Atlas of Plant and Animal Histology

Animal organs. Integument.


Organ: integument, thin skin.
Species: rat. (Rattus norvegicus, mammal).
Technique: paraffin embedding, staining with hematoxylin-eosin.

In mammals, two types of skin can be found: thin and thick skin. Although there are intermediate forms, the thickness points to different functions and locations in the body.

In this picture, a section of thin skin of the hand of a rat is shown. It is of notice the thin epidermis, whit a thin corneum stratum so that this skin is less keratinized (see this figure to distinguish the epidermis layers). The epidermal ridges are also less visible. These features make this skin not suitable for counteracting strong mechanical stress and it is located in places of the body protected from rubbing or frictions. In other parts of the body, where the mechanical stress is even less intense, there is thinner skin like in the ears (see image below) where the epidermis is so thin that it cannot be distinguished the granulosum and spinosum layers of the epidermis.

In the thin skin of mammals, the epidermis invaginates to form the hair follicles, tubular structures that go deep into the dermis and hypodemis and produce hair. Sebaceous glands are associated with the hair follicles and release their content into the hair follicle cavity, the space surrounding the hair stalk. Sebaceous cells are large cells showing a central round nucleus and a clear cytoplasm. The lack of color of the cytoplasm is a consequence of the large amount of lipid these cells had in the cytoplasm. Lipids are extracted during the histological process. In some areas of the body where there is no hair, like in lips, labium minora of the female sexual organ, prepuce and glans of the male sexual organ, the sebaceous glands release their products directly to the surface of the skin. Sweat glands are also found in the thin skin, though they are not visible in the image above. Sweat glands release their products either directly to the skin surface (eccrine) or the interior of the hair follicle (apocrine).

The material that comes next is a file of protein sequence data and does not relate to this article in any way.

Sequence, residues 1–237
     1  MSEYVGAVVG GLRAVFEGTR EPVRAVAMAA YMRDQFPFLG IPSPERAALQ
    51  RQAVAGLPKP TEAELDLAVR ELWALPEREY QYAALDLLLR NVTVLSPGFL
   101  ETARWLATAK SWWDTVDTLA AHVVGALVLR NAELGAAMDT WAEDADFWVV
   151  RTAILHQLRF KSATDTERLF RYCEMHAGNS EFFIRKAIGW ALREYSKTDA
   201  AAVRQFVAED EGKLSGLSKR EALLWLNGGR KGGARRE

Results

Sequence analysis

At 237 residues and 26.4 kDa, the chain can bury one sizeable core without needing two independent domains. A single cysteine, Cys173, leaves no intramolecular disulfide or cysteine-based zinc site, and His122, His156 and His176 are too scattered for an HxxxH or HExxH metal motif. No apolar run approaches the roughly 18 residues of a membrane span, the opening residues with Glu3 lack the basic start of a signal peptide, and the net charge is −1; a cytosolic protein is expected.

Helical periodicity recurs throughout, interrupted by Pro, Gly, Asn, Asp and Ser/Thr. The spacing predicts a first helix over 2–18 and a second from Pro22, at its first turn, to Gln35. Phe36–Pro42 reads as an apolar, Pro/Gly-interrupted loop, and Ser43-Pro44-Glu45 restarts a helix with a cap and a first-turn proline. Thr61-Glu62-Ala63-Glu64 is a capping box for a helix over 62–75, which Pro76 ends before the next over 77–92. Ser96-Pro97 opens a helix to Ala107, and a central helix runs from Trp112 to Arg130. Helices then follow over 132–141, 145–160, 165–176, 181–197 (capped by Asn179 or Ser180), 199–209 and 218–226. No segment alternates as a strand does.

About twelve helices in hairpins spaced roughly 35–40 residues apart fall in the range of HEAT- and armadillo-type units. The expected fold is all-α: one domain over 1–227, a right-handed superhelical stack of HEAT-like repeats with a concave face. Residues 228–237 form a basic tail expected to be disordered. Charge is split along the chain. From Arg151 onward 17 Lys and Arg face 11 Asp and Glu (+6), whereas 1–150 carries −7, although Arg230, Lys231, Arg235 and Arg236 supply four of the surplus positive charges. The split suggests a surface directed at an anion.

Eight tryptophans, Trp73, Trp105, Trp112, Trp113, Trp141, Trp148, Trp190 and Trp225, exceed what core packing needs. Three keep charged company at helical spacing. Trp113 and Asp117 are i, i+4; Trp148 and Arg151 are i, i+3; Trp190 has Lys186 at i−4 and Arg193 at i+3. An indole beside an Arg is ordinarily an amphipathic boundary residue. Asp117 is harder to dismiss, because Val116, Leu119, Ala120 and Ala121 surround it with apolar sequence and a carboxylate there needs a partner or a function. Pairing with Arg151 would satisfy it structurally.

The dermis is the mechanical support and nurturing suplier of the epidermis. In th inner part, it is attached to the hypodermis. Two layers are distinguished in the dermis:


Picture of a rat ear. The skin is made up of a very thin skin, showing a slim epidermis, with little keratin forming the corneum stratum. The dermis is also scarce and the hypodermis is missing. The bubbles-like structure in the middle of the ear is no adipose tissue, but elastic cartilage.

a) Papillar dermis. It is located just below the basal lamina and forms the dermal papillae of the skin. It is loose connective tissue with abundant blood capillaries involved in the nourishment of the epidermis, which is not vascularized. Blood vessels also regulate the body temperature by vasocronstriction and vasodilation. In some dermal papillae there are mechanorreceptors, like Meissner corpuscles, involved in sensing light skin stretching, and Pacini corpuscles, involved in sensing pressure. These and other mechanical receptors are more abundant in those areas of the skin specialized in touch sensing. In the papillar dermis, there are temperature and pain receptors as well.

b) Reticular dermis. It is located under the papillar dermis. It is irregular dense connective tissue with abundant collagen and reticular fibers. Hair erector muscles, which are smooth muscle cells, are also found in the reticular dermis. These muscle cells allow the hair to stand erect when it is cold or as a consequence of the animal behavior. Other components of the reticular dermis are nerves and blood vessels.

The hypodermis is the deeper layer of the skin and its thickness depends on the skin area of the body and the feeding state of the animal. The hypodermis contains large amount of fat cells.

Updated: 2017-03-31. 11:27